I never planned to be a chaplain. I never trained for it in the ways that people are supposed to train. I never anticipated it. But in January 2016, I applied for an on-call position. I interviewed. I was hired to start training on February 8.
Here are some of things I’ve learned since then.
- No one knows what I do. People have pictures of long spiritual conversations. We often have rushed prayers, and long searches for next-of-kin. And visiting with family after every death.
- I often don’t know exactly what I’ve done. I can finish a shift, having gone from crisis to crisis to searching for loved ones and not knowing whether it’s really accomplished anything.
- What I remember most from the last three years is the faces of coworkers in very specific moments. I remember patients, of course, but I remember the faces of nurses, techs, respiratory therapists, physicians. And their tears after impossible moments.
- I’m grateful to not have to argue about where the coffeemaker should go. As an executive pastor, we wasted conversational energy on questions like that, convinced that it mattered. I don’t think it does.
- I don’t know how to answer the question, “Do you like your job?” I’m grateful for the opportunity, I’m grateful for the capacity, I’m grateful I can do it. But “like” doesn’t feel quite right.
- I can watch people die. Which is why “Do you like your job?” is a hard question.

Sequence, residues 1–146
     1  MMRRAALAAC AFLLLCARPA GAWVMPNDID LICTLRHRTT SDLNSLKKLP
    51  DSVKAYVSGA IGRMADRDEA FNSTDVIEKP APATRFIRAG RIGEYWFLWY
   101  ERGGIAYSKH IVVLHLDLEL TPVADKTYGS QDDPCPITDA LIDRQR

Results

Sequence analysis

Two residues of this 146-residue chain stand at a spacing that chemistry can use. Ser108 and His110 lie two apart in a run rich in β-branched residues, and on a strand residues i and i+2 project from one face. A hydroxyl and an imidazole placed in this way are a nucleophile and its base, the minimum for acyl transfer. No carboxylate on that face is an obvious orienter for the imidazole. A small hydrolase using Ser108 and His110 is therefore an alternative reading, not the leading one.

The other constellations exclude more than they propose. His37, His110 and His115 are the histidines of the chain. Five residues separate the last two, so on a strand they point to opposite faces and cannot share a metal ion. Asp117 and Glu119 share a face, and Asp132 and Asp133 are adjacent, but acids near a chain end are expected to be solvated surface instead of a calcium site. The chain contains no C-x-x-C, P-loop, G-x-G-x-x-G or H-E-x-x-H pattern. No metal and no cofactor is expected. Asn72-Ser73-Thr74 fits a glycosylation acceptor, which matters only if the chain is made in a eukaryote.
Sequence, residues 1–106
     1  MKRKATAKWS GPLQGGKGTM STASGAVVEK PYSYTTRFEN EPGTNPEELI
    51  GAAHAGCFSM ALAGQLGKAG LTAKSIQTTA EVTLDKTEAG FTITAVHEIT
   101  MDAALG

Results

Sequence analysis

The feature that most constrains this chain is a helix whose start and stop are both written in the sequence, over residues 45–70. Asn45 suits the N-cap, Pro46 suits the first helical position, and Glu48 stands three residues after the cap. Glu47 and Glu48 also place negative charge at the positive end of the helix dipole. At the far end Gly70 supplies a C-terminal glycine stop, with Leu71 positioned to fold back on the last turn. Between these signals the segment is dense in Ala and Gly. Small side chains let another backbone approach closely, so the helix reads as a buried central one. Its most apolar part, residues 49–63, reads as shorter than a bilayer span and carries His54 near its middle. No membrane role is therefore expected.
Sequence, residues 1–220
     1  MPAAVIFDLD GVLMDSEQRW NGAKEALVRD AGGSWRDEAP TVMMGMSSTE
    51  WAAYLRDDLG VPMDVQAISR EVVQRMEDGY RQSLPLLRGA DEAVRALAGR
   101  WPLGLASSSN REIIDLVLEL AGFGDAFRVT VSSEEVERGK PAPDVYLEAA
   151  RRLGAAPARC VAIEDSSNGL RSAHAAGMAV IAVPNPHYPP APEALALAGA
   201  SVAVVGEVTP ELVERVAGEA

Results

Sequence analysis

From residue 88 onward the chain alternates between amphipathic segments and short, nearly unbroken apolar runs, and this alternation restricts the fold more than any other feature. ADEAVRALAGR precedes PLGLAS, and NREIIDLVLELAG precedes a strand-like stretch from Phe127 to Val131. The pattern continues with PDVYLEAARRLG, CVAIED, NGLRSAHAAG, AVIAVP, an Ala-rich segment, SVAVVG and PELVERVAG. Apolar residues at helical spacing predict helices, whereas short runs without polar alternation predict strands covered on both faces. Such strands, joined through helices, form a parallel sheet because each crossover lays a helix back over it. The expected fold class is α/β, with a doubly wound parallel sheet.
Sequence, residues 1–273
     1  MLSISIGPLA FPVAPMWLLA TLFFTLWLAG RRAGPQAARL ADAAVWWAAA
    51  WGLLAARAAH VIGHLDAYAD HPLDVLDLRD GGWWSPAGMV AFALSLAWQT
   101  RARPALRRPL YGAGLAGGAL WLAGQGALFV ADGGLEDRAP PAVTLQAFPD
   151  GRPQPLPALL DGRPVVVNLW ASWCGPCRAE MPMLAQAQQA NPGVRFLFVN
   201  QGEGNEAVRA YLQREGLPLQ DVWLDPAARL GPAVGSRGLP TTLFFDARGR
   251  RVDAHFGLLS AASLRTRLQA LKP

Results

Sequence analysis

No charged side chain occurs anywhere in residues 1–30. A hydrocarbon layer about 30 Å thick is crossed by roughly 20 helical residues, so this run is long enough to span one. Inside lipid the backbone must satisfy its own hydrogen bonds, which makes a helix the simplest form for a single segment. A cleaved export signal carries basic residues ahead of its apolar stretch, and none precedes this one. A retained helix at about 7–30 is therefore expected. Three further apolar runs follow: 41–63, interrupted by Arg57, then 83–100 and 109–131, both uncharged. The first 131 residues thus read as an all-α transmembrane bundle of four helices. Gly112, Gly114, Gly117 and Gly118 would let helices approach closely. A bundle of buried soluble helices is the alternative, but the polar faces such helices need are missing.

- I don’t worry about tearing up when praying with a family. But it’s their grief I’m bearing, not mine.
- My family bears more burden than I realize. And I’m grateful for their encouragement.
- Jesus is already in conversations I know nothing about. I’m not somehow carrying God into a room.
- Being part of a team of chaplains and then of healthcare workers is remarkable.
And tomorrow, I start year eight.
I started a new newsletter last week. “Finding Words in Hard Times” is a newsletter with stories and tools to help you be more comfortable as you help others in hard times. The first issue talks about making space for stories as we help people in loss. I think you’ll find it helpful.
3 thoughts on “7 things (or more) I’ve learned in 7 years as a hospital chaplain.”
Thanks for serving others Jon!
Thanks for being a chaplain for so many of us beyond the walls of the hospital.
Appreciate your thoughts, Jon. I sense you are right where the Lord wants you to be. Maybe “loving” your job is better than liking it! You are showing God’s love!
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